Individuals’ cognitive abilities impact their capacity to learn. Skill acquisition is an important first step in learning how to perform novel tasks. Skill acquisition involves three phases: cognitive, associative, and autonomous. Cognitive ability is most influential during the first phase (cognitive), which occurs when individuals are first confronted with the novel task. Other abilities are relevant during different phases of skill acquisition. The first phase places the greatest demands on the individual’s cognitive resources. Performance on the task increases with practice and at a faster rate for individuals high in cognitive ability. However, the important role that cognitive ability plays in the process of skill acquisition depends on the type of task that an individual is trying to learn. Tasks can be either consistent or inconsistent. Consistent tasks can be learned and become automatic or routine with practice (e.g., fast and effortless). The correlation between cognitive ability and performance decreases after practice on consistent tasks. In contrast, inconsistent tasks retain their novelty over time and do not become routine. The relationship between cognitive ability and performance remains positive and strong even after practice on inconsistent tasks. Thus, the degree of association between cognitive ability and performance depends on the consistency of the task and the phase of skill acquisition.

The school setting is one of the first settings in which individuals acquire basic skills and develop these skills to levels that permit them to function effectively in society. The early years of formal education are the most formative years, in which the basic skills of reading, writing, and arithmetic are acquired and developed. Subsequent education in high school, college, and graduate studies provides for the development of more specialized skills and the acquisition of specialized knowledge. General mental ability influences an individual’s achievement in each of these stages of academic development. More specifically, general mental ability has been shown to explain approximately 36 percent to 49 percent of the variation in course grades in elementary school, 25 percent to 36 percent in high school, and 16 percent to 25 percent in college. Furthermore, general mental ability has been shown to explain significant variation in numerous indicators of success in graduate studies. For example, an individual’s score on tests of general mental ability predicts attainment of the graduate degree, the time required to complete the degree, research productivity, scores on comprehensive examinations, and general performance ratings by faculty members.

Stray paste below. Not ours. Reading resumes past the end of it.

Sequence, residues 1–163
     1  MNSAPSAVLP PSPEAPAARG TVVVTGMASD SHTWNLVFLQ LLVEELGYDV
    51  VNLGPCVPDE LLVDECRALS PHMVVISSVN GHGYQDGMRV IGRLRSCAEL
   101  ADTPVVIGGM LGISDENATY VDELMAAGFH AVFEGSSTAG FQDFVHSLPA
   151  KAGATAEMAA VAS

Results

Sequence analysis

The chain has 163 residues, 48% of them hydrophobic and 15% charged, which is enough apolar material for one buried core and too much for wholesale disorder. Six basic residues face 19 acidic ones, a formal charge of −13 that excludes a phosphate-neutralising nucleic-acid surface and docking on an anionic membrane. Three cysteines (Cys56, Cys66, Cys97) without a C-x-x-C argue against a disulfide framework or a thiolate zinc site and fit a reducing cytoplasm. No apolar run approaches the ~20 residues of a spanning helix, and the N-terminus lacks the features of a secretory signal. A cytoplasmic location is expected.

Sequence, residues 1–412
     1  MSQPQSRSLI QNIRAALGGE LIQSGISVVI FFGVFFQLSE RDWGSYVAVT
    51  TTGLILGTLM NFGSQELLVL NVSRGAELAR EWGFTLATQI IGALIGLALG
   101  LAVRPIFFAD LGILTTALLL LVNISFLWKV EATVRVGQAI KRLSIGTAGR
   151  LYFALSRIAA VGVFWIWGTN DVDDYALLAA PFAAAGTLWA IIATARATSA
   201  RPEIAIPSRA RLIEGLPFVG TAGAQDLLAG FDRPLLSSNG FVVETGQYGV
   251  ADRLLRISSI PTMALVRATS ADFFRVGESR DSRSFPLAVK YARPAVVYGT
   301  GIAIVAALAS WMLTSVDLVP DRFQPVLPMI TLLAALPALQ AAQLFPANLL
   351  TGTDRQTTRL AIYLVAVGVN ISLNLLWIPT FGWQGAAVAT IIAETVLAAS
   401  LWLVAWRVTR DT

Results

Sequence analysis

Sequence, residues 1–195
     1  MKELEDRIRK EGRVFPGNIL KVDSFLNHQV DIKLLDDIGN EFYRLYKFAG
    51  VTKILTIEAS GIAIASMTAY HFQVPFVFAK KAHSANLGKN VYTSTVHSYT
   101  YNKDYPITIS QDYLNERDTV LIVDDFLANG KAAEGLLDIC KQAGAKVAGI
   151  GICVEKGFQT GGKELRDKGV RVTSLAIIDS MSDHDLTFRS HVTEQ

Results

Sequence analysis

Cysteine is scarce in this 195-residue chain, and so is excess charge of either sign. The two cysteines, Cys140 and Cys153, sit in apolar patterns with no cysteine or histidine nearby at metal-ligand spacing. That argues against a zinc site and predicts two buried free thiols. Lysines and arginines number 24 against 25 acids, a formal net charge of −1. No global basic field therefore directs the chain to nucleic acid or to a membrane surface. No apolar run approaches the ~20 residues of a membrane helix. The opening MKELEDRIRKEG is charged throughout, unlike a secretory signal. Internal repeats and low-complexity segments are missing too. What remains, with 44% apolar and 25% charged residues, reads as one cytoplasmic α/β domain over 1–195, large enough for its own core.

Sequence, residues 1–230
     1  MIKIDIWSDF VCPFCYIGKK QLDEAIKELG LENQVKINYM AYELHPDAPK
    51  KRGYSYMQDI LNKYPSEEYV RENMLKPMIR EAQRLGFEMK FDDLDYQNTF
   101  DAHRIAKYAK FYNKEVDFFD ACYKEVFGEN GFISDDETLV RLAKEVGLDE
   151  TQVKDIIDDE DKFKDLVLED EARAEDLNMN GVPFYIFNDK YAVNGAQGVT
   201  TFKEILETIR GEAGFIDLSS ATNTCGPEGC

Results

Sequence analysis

Success in the academic arena equips individuals with the required knowledge and skills to function in society at large. General mental ability continues to explain variation in life outcomes even after school. The world of work is another setting in which general mental ability has proven its utility. Numerous years of research have demonstrated that general mental ability predicts job performance in both civilian and military settings. A full understanding of the extent to which cognitive ability relates to job performance requires knowledge of the different components or categories of job performance on which employees are measured. One category represents the core functions or duties of a job and has been labeled task performance. A second category, labeled organizational citizenship, contextual, or extra-role performance, represents non-task behaviors that contribute in a positive way to the organization. A third category, labeled counterproductive work behavior, represents negative behaviors that detract from the goals of the organization. Cognitive ability is a stronger predictor of task performance than of organizational citizenship behavior or of counterproductive work performance. However, it is a significant predictor of all three categories of job performance. Furthermore, cognitive ability is a stronger predictor of objective measures of performance (e.g., dollar sales) than subjective measures (e.g., supervisory ratings) but is a significant predictor of both.

The predictive power or utility of cognitive ability also depends on the complexity of the job. Jobs at the highest level of complexity include professional, scientific, and upper-management jobs, which account for approximately 14 percent of the jobs in the economy of the United States. Cognitive ability explains the greatest percentage of variation in performance in these jobs, approximately 34 percent. Cognitive ability explains the smallest percentage of variation in job performance, approximately 5 percent, in jobs at the lowest level of complexity, which account for approximately 2.5 percent of the jobs in the U.S. economy. Thus, the utility of cognitive ability is directly related to the information-processing requirements of the job. Cognitive ability is more useful in predicting job performance for cognitively complex jobs.